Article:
Oil prices plunge as China virus reduces demand

Crude prices extended declines on Monday, dropping below USD 60 for the first time in nearly three months, as the death toll from China’s coronavirus rose and more businesses were forced to shut down, fuelling expectations of slowing oil demand, Reuters reports.

"Brent crude LCOc1 was down USD 1.51 a barrel, or 2.5%, to USD 59.18 at 1254 GMT, its lowest since late October and the biggest intra-day fall since Jan. 8. U.S. crude CLc1 was down USD 1.37, or 2.53%, at USD 52.82. Both contracts had earlier fallen by more than 3," the message reads.

Saudi Arabia and the United Arab Emirates, allies in the Organization of the Petroleum Exporting Countries (OPEC), tried to play down the impact of the virus on Monday, with Riyadh, the de-facto OPEC leader, saying the group could respond to any changes in demand.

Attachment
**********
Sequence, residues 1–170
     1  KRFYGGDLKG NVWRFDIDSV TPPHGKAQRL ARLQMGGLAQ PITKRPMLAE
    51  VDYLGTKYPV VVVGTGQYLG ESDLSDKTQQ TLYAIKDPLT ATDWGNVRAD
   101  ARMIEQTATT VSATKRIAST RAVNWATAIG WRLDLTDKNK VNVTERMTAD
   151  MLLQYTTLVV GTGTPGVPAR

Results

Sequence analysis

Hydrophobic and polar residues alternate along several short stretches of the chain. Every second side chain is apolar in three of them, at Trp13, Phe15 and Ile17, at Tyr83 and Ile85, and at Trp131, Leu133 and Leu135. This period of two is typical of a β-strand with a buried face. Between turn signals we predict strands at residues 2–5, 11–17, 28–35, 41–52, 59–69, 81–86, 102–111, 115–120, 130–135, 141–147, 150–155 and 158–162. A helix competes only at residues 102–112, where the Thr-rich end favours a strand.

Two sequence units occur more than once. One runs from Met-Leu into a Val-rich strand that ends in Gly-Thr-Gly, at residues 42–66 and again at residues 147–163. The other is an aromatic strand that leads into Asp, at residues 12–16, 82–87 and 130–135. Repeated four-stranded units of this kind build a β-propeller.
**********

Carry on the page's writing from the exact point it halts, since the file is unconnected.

Saudi Arabia’s Energy Minister Prince Abdulaziz bin Salman Al-Saud said on Monday he felt confident the new virus would be contained.

The global spread of 2019-nCoV

OPEC+ “have the capability and flexibility needed to respond to any developments, by taking the necessary actions to support oil market stability, if the situation so requires,” Prince Abdulaziz said.

Previously reported that soybean futures fell for a fourth consecutive session on Friday as coronavirus concerns abounded.

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